As efforts to locate the missing Titanic-exploring submersible continue, former passengers are sounding off about their experience with OceanGate’s Titan sub, with one labeling the adventure as a “suicide mission.”
“It was a suicide mission back then!” retired businessman and adventurer Arthur Loibl, 61, told German outlet Bild.
In August 2021, Loibl participated in the underwater adventure, but shared that the experience was “extreme.”
“The first submarine didn’t work, then a dive at 1,600 meters had to be abandoned,” he said, noting that his group ended up launching five hours later due to electrical issues.
Loibl was one of three explorers to descend into the Atlantic Ocean in an OceanGate Expeditions sub to view the Titanic wreckage. (Armin Weigel/picture alliance via Getty Images)
He described the conditions the passengers are facing onboard the missing Titan submersible as “hell.”
“You need strong nerves, you mustn’t be claustrophobic, and you have to be able to sit cross-legged for ten hours,” Loibl said. “It must be hell down there. There’s only 2.5 meters of space, it’s four degrees, there’s no chair, no toilet.”
The sub, which is carrying five passengers, measures about 22 feet long and 9.2 feet wide, according to OceanGate’s website.
“Being a modern-day adventurer interested in pushing the boundaries of our knowledge of places that people go… the Titanic is obviously an iconic wreck,” Chris Brown told Good Morning America. “It’s a chance for an expedition, an exploration and adding a bit of science into the situation.”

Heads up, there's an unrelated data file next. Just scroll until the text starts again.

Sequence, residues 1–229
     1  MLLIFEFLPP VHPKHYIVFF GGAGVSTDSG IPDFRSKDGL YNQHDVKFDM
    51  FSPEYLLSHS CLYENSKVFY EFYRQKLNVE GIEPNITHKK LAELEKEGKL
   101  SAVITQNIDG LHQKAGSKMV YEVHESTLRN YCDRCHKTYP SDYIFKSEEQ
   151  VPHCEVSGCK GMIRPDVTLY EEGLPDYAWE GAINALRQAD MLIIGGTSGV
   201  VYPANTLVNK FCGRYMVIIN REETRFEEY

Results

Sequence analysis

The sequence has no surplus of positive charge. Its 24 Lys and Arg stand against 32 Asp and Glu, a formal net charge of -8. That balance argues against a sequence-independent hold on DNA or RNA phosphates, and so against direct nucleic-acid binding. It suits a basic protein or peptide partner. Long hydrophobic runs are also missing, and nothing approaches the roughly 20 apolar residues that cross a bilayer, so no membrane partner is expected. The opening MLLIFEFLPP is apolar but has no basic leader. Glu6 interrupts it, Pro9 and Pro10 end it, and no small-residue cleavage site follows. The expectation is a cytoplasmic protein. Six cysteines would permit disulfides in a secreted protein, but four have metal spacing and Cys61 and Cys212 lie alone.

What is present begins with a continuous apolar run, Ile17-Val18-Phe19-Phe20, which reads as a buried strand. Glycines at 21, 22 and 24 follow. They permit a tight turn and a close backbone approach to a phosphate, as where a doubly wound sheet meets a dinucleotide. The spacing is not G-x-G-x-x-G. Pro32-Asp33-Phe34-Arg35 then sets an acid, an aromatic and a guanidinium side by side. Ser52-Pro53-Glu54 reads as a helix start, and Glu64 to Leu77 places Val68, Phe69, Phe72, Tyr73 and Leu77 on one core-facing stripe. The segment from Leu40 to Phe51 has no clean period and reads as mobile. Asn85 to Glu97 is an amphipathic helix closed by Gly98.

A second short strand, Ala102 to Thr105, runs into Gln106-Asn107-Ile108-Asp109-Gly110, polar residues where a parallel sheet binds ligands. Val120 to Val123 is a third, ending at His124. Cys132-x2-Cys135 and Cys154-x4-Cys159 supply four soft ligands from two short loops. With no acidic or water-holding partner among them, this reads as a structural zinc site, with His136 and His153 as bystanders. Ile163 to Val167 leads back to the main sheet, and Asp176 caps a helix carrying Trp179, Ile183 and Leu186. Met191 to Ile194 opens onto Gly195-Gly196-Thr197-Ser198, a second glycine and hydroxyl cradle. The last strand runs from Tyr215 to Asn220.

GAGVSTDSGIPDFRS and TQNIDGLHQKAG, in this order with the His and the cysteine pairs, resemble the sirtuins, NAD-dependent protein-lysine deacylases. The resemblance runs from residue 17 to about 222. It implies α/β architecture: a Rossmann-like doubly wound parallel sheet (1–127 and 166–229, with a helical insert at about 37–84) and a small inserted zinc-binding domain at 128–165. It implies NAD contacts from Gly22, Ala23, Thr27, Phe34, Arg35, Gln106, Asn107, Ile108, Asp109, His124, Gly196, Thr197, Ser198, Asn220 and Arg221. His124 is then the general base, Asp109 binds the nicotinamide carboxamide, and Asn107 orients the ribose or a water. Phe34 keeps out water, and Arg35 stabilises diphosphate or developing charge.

OceanGate’s Titan submersible has been missing since Sunday with five passengers onboard. (OceanGate Expeditions)
Brown, 61, dropped out after becoming concerned over the quality of technology and materials used by the company, but declined to comment on the specifics of the safety features that he saw as red flags.
In a video interview in 2022, OceanGate CEO Stockton Rush revealed that the sub is operated by a game controller that currently retails on Amazon for $30.
“We fully understand the risk and take them onboard,” he said. “But [friends and family] haven’t been so involved in the process…in a situation like this, it’s probably as if the bottom has dropped out of their worlds.”